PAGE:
Well if we are below zero every night then yes. I know that this is a problem right now but we also have to look at what we are trying to get rid of.

When it comes to perennials like a dandelion then we have to use the rule of thumb “if it is below zero then we need two days of plus 10 or greater before we can spray”. What happens is we get some minus temperatures then we get a real nice day and of course when it is nice there is no wind. So what do we do, we jump in the sprayer and start spraying like crazy to catch up. Now with the products like PrePass and Express Pro that have residual we think that they will be our saving grace or silver bullet but remember if the plant is not actively growing you are putting all of your eggs in one basket. What I mean is that if the plant is growing you are getting two modes of death. Through the leaves and absorbing through the roots. If it is not active then you are hoping that you will kill the plant by roots. With annuals and volunteer canola that will work to some degree but with things like dandelions and narrow leaf hawks beard that could be a wreck waiting to happen. So my advise is to wait till we get away from freezing at night and do the proper spraying job the first time We know what happens when we don’t get a good kill on those weeds because it tends to bite us in the you know what and costs us more money to get rid of a simple problem.

Those are my thoughts,

Garth Donald C.C.A.

Why Do a Preseed Burn Off?

April 6, 2009

I get asked all of the time whether a grower should do a preseed burn off and my answer is always, “when do you want to spend your money? Up front or at spraying time.” I do get a lot of weird looks when I say that reply but it is true. I have walked too many fields that have flix weed bolting and eighteen whorl cleavers at the post emergent spray time all because the grower said there was nothing growing in the field and decided not to spray. With the preseed products that are now out there we can manage our chemical bill even closer. Many growers and myself included have seen where a good preseed burn off gave them a cheaper post emergent bill where they just had to use MCPA Ester at ten ounces or 2,4-D LV700 at six ounces to cover off the weed spectrum. Now is that every time? No, but everyone is asking me how to save some money this year and this may be one way to try for it. For those of you that have the great pleasure of working with cleavers just make sure to use a product that will give you some extra punch this spring. Glyphosate along is a very poor option when it comes to cleavers and I have pulled my hair out trying to kill these multi stem winter annuals that look like they came out of a horror movie. We do have some good post emergent chemicals for cleavers but it is still easier to kill a five whorl cleaver than a eighteen or twenty whorled one.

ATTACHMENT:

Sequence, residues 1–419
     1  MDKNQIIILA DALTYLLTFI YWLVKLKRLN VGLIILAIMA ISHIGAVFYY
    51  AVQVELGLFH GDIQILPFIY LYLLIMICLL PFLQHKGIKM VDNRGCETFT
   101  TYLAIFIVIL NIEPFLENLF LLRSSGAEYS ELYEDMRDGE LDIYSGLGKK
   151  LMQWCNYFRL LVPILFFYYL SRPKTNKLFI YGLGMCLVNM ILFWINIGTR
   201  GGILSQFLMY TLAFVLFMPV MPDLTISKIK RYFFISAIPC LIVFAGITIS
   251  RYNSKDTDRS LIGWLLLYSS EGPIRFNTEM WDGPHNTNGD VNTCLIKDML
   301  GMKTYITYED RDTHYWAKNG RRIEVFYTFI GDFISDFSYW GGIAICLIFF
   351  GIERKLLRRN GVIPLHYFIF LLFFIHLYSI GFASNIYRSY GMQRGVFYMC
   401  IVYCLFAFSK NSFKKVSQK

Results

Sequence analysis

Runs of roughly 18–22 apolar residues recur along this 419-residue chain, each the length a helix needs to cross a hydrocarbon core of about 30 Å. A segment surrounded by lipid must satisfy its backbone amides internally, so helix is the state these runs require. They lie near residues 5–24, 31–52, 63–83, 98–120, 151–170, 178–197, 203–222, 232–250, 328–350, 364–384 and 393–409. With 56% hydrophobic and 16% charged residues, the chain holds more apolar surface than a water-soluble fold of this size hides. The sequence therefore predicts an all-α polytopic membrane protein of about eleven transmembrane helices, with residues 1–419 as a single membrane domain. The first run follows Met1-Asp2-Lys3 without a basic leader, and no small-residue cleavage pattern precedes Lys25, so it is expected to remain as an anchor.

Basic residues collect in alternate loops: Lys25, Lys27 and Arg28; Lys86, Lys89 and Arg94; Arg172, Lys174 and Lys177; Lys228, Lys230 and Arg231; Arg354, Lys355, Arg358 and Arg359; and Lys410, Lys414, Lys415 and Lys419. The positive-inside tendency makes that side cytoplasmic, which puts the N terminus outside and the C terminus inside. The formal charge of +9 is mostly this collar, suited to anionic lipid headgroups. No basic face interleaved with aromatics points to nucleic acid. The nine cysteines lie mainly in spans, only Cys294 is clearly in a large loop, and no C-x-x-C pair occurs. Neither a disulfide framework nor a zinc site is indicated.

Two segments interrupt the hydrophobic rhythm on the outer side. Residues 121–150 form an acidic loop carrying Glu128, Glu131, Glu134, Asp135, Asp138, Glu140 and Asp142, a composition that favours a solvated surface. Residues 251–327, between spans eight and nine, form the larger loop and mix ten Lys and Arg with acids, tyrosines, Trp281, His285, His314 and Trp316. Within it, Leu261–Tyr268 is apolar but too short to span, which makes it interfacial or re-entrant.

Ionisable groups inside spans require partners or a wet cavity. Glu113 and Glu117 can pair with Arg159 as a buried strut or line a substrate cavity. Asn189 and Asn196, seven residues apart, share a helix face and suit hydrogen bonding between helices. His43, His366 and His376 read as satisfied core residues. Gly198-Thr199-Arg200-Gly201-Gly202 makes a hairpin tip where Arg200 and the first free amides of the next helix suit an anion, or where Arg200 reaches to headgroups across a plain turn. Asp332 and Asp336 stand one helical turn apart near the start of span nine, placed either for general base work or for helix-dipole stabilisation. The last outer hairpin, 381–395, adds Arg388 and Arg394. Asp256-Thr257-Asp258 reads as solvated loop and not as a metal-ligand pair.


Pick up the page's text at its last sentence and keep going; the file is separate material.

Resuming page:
We have some great preseed products out there so lets take advantage of them. Talk to your retail and ask what products work the best for your situation.

Just remember, your shadow is the most important thing you can put on your fields this spring because a sixty mile per hour drive by could cost you more than you think.

Those are my thoughts,

Garth Donald C.C.A